The phenomenon of Palin raises the question: Does populism need to be anti-intellectual? The answer is: No. The populist mythology surrounding Abraham Lincoln was not only the rail-splitter born in a log cabin, but the youth who studied books by candlelight. He was, indeed, dismissed as a rube. But he wasn’t one. He quoted Shakespeare with ease and suffused politics with thought.
Populism, by definition, is anti-elitist. But that is very different from being anti-intellectual. It was William F. Buckley who provided the best description of conservative anti-elitism. “I would rather be governed by the first 2,000 people in the Boston telephone directory than by the 2,000 people on the faculty of Harvard University.” The assumption of wisdom in ordinary people is the basis for free-market economics and, ultimately, for democratic theory. But every conservative would hope that the phone-book ruling class would possess some knowledge of our national history, some acquaintance with our founding documents, some ability to make reasoned political arguments. These things they would not gain from watching “The Celebrity Apprentice” or “Amazing America With Sarah Palin.”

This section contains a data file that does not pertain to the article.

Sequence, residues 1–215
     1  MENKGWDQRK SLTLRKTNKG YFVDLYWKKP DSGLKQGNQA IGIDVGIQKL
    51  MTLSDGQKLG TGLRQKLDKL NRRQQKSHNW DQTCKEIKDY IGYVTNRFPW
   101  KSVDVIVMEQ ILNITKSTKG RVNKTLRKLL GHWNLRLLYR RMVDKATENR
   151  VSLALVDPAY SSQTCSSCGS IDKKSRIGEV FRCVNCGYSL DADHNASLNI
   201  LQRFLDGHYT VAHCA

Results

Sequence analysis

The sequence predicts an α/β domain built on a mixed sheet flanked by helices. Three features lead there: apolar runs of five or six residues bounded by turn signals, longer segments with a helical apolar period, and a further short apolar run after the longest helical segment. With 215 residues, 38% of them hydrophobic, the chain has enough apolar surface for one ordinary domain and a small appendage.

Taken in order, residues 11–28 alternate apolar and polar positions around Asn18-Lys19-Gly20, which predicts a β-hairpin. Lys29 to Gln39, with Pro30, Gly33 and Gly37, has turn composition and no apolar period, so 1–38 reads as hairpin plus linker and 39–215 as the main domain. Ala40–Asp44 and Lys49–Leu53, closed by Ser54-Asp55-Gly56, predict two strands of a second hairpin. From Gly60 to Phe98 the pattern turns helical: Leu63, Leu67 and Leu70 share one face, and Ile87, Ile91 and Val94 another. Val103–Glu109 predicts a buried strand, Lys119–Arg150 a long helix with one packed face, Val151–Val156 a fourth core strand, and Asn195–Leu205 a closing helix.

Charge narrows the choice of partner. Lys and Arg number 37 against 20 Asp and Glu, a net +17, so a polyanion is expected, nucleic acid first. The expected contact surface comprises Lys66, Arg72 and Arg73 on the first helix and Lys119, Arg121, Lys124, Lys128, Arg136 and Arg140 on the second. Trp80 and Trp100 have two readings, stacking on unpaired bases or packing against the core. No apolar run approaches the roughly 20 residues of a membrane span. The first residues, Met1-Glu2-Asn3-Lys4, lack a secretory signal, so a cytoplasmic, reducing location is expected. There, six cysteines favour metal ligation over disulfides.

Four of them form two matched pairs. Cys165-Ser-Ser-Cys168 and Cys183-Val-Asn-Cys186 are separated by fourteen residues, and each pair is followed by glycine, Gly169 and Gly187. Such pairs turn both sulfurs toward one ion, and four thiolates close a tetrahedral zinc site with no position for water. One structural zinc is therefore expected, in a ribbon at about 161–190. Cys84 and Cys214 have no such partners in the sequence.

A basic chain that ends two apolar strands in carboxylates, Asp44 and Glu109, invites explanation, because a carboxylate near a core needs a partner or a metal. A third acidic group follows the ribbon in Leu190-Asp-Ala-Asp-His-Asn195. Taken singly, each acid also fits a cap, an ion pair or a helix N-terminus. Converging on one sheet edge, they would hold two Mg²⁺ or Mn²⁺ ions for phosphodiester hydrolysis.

In this vacuity, Palin and Trump are a perfect match. They both embrace a politics of personality, a politics at war with reason. Who would go to either for advice on Medicare reform or Syria policy? In the two-dimensional politics of Palin and Trump, depth is not even a category. There is only establishment vs. anti-establishment, weakness vs. strength.